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SECURING WiMAX WIRELESS COMMUNICATIONS Shirley Radack, Editor Computer Security Division Information Technology Laboratory National Institute of Standards and Technology U.S. Department of Commerce Many government and business organizations are using wireless networks, enabling their employees and contractors with wireless-enabled devices, such as smart phones, to connect to the Internet and theorganization’s networks. Wireless networks support increased flexibility for organizations, and easier and less costly installations than wired technologies. Wireless technologies use radio waves instead of direct physical connections to transmit data between networks and devices. While supporting ease of use and installation, and a mobile workforce, wireless networks like any other communicationnetwork are vulnerable to risks that could compromise the confidentiality, integrity, and availability of information systems and information. Without proper security precautions, information can be intercepted and altered more easily than when transmitted through physical connections. The U.S. Government Accountability Office (GAO) recently analyzed leading security practices of federalgovernment organizations for deploying and monitoring wireless networks and technologies in its report, Federal Agencies Have Taken Steps to Secure Wireless Networks, but Further Actions Can Mitigate Risk (GAO-11-43, November 2010). The GAO recommended that federal agencies implement additional practices to secure their wireless networks, and that governmentwide oversight of wireless networks be improved.The Information Technology Laboratory of the National Institute of Standards and Technology (NIST), which is responsible for developing standards and guidelines for information security under the Federal Information Security Management Act (FISMA) of 2002, Public Law 107-347, has issued several publications explaining secure wireless communications and recommending good practices for protectingwireless transmissions; the most recent is NIST Special Publication (SP) 800-127, Guide to Securing WiMAX Wireless Communications. WiMAX is a widely used technology for communicating over wireless metropolitan area networks (WMANs). These networks, which provide services over an area approximately the size of a city, are usually operated by an organization such as an Internet service provider, agovernment agency, or a business. The term WiMAX was originally an acronym standing for Worldwide Interoperability for Microwave Access, but it is no longer used as an acronym. WiMAX is a trademark of the WiMAX Forum, an industry trade association that defines the content and scope of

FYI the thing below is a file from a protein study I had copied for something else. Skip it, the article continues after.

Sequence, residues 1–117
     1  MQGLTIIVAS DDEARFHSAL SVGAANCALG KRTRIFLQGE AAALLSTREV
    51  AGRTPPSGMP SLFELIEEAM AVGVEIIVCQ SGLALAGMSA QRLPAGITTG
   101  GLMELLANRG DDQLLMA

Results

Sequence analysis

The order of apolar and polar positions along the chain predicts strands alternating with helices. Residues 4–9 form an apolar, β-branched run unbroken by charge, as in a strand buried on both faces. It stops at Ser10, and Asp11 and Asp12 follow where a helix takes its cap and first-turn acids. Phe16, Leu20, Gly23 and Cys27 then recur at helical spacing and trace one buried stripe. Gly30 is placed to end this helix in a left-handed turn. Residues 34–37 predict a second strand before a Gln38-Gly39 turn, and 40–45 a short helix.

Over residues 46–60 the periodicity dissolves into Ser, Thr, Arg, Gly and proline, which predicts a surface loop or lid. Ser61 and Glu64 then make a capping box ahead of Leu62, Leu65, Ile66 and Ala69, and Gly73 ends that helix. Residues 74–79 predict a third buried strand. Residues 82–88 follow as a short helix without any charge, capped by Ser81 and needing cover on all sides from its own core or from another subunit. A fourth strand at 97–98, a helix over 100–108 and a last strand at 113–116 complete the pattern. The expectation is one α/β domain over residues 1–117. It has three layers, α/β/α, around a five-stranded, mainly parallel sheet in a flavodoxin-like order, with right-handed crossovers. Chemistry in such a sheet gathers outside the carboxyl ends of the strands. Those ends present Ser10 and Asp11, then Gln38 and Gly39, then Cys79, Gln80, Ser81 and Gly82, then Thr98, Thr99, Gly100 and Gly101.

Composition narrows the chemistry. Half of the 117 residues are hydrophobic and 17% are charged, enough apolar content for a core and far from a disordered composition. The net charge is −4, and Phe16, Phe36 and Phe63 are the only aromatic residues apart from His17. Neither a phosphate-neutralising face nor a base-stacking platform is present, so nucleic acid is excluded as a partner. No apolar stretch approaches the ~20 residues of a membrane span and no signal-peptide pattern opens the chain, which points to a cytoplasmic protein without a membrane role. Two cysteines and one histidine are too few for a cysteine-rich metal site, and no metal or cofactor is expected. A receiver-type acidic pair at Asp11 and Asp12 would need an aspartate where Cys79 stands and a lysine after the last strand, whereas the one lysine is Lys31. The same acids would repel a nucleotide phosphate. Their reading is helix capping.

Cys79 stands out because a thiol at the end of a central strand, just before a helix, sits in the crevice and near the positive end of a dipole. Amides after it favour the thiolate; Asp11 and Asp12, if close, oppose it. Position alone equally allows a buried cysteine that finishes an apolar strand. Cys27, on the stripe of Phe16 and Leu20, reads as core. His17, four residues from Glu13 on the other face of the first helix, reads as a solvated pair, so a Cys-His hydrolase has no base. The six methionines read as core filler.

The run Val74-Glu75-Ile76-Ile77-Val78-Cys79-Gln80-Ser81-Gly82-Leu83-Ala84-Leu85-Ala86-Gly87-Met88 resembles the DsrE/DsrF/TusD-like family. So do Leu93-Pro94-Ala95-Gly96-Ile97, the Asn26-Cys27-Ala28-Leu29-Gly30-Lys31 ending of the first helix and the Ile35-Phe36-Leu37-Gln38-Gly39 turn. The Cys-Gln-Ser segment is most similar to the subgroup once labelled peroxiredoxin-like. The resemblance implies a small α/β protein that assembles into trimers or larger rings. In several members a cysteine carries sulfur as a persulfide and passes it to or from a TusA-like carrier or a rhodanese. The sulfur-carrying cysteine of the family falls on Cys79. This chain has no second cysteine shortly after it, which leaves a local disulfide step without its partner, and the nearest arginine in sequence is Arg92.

WiMAX technology and publishes technical specifications, which are based on voluntary industry standards. NISTSpecial Publication 800-127, Guide to Securing WiMAX Wireless Communications: Recommendations of the National Institute of Standards and Technology Written by Karen Scarfone (formerly of NIST) and by Cyrus Tibbs and Matthew Sexton (of Booz Allen Hamilton), this publication provides information to organizations about WiMAX security capabilities. WiMAX is based on the Institute of Electrical andElectronics Engineers (IEEE) 802.16 family of standards, which were developed through consensus-based standards development processes. The guide discusses the security of the WiMAX air interface and of user subscriber devices, including security services for device and user authentication; data confidentiality; data integrity; and replay protection. NIST recommends specific courses of action thatfederal agencies can take to improve the security of their wireless communications; these recommended practices can also assist other organizations considering the implementation of WiMAX systems. NIST SP 800-127 explains the technology components that compose the WiMAX operating environments, the development of the IEEE 802.16 family of standards, and the product certification program conducted by...